Well I’d say it harkens back to my earliest influences – the natural world – which is expressed via water, earth, wood, fire and metal. In pulling together a body of work for a first exhibition, my advisers thought that a range would best suit even if I have a certain signature style. A lot of my work is of the natural world (i.e., flowers, forests, landscapes, animals, lakes, ocean etc.) so it just came to together. It’s funny have creativity has the ability to accomplish that. We were also focused on having the exhibition align with The Sylvia Center mission and some of the elements of the 371 Madison Building, so natural elements played well.
6. What is the inspiration behind the unique titles? They are unexpected – “Yes Darling I am Listening”, “Ethanol High”, “Milk”… Do you know the titles when you shot or are they inspired from the shots?
Yes, the names have been well received which pleases me as a writer (well, copywriter). Once the images had been selected and vetted I sat down with them and just wrote lines for each image based upon initial reactions – like a good headline for an ad actually. “Yes Darling I am Listening” was about a gorgeous, rich environment, getting drawn into it and then this exterior noise. “Ethanol High” was a bit more literal touching upon the blurred lines (like the image itself) of corn production for alternative fuels. And “Milk” was simply describing the scene, which was a dairy farm on a county road in Georgia.
7. There is a small hidden room with a chair and a light bulb at your exhibition. What is the story behind it?
When I first visited the building at 371 Madison Street I was walking around the large exhibition space and opened up a randomly situated door to find a very weird, creepy room with a drain in the floor and some missing, high ceiling tiles. I immediately knew something needed to go in there and after some coercing with the event partners, they agreed. We lit it with a very cool old school light bulb hanging from the ceiling, and I hung an image of Satan in Flames (“Too Pay”) which was later complemented on a side wall by a picture of a bathtub drain (“Spillway”). The chair was sheer luck from a propping standpoint, as it was sitting in there just before the show when they were lighting, so I said let’s keep it in there and see what people say. I guess it worked.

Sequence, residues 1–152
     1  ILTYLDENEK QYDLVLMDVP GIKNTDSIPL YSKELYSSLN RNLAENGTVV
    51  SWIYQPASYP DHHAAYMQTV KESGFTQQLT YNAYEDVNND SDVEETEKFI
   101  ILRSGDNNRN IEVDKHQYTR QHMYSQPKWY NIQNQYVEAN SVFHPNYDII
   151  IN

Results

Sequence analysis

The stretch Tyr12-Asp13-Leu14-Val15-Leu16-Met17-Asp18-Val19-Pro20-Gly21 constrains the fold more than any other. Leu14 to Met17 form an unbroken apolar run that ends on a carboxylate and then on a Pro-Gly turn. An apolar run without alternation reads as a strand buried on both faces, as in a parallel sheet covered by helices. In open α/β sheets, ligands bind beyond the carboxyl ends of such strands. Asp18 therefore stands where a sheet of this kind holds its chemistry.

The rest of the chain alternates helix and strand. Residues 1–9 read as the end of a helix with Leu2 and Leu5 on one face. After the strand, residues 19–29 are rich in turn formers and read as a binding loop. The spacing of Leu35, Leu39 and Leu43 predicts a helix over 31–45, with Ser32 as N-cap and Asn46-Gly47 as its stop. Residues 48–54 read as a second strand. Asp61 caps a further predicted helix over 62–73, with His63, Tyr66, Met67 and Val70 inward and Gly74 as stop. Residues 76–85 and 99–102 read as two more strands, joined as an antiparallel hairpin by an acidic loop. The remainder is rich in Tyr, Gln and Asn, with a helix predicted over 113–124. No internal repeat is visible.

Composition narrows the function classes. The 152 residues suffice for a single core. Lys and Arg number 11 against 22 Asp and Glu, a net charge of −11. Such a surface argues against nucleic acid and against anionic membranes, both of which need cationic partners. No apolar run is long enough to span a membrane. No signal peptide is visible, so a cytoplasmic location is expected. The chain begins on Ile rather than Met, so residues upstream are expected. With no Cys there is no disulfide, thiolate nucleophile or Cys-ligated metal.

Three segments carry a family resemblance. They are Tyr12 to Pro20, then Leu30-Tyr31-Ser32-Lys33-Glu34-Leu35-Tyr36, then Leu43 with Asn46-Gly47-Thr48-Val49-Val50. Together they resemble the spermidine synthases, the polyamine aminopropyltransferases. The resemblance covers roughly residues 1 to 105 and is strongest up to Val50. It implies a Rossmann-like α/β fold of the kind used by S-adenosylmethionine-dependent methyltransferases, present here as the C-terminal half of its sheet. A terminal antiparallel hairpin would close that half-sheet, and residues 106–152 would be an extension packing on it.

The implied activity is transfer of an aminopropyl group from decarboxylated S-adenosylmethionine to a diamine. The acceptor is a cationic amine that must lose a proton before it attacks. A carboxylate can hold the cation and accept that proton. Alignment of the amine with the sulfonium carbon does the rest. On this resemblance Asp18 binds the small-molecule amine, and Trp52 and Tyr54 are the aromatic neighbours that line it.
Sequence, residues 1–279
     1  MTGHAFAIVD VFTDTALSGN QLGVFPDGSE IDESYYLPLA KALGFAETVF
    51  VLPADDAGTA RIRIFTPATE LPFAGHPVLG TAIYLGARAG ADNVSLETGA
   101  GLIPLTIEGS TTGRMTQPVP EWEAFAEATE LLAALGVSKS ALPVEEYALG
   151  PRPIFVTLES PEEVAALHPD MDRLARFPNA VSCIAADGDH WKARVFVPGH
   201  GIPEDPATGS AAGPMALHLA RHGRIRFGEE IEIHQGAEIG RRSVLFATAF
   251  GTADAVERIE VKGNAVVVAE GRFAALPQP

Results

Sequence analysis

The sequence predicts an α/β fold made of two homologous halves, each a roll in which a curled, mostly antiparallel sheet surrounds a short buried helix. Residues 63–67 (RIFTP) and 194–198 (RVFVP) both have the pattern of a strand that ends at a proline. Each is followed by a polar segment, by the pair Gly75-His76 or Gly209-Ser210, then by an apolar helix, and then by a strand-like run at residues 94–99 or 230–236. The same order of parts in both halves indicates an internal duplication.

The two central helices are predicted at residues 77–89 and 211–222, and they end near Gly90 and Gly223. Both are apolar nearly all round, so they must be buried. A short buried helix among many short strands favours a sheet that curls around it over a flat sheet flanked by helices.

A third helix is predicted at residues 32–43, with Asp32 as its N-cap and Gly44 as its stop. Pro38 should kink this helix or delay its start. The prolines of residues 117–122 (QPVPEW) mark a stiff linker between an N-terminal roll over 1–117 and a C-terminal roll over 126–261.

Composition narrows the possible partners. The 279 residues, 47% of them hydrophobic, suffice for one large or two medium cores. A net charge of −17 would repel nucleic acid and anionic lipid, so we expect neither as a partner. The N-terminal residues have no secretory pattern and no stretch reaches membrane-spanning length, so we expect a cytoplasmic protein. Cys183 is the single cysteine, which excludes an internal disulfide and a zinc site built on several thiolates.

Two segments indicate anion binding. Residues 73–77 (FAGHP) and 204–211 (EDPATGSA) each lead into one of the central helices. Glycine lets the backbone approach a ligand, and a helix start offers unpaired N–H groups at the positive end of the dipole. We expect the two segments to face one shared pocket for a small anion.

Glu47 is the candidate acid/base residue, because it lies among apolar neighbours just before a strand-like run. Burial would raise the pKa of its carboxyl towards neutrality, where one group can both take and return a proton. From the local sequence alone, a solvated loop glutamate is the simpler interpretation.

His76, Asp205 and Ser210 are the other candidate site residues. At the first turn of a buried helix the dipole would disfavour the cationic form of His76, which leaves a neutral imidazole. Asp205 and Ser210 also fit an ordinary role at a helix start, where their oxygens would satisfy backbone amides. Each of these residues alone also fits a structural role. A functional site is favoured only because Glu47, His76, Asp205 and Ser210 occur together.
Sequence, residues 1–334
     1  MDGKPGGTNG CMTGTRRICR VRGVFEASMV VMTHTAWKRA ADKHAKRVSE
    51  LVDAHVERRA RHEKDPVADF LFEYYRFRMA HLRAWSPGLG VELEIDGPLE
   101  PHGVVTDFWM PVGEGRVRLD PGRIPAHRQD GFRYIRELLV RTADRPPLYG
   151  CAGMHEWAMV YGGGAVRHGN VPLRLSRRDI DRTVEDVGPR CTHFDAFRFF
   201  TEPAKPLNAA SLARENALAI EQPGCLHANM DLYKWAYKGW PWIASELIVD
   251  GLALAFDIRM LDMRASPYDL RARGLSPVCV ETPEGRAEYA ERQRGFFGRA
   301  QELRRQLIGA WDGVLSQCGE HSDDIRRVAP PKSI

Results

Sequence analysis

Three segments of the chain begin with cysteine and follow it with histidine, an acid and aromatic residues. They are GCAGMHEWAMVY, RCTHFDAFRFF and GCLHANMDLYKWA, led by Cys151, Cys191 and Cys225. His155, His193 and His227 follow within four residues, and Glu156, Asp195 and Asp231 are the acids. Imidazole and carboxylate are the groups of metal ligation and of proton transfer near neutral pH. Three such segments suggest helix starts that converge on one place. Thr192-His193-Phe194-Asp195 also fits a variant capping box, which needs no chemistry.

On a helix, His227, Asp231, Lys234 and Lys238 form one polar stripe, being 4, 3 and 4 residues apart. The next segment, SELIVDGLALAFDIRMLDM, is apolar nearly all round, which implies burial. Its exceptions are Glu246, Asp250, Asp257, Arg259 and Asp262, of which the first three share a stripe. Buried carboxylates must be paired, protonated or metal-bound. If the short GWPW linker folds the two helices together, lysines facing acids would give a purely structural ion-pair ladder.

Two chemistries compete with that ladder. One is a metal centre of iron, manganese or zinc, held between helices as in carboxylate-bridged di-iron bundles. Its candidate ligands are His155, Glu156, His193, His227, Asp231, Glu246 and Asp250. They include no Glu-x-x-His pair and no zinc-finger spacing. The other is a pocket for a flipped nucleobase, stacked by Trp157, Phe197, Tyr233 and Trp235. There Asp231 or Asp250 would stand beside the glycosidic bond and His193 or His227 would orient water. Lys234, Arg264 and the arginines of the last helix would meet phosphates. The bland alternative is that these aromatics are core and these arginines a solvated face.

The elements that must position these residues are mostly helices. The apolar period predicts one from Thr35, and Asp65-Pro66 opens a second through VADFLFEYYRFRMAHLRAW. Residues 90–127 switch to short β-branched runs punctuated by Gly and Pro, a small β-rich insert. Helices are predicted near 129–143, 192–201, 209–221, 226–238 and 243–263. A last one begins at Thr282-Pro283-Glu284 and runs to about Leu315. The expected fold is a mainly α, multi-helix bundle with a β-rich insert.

8. Do you have any other favorite images from the exhibition?
Someone asked me that at the show, actually someone well respected in the decorative art world, and while my first response was “all of them.” That got an eye roll so I went with the “Milk” image. I think because it’s recent and I am still pleased with how it worked out. The other might be “Sway,” which is an abstract image of pine trees off a dirt road with new fern growth as background after a spring burn down south.
9. You love music. If I were walking through the exhibition with my iPod, what should I be listening to?
That’s a good one, as some of the titles are indeed inspired by songs. I can think a few deep cuts off of the Stones “Exile on Main Street,” as well as some Uncle Tupelo and Avett Brothers but that’s just me.
10. What is your Five Elements of your creativity?
Are you sure you are a designer and not writer? Well it would be easy to say just those five elements but I’ll go with sight, sound, motion, light and words.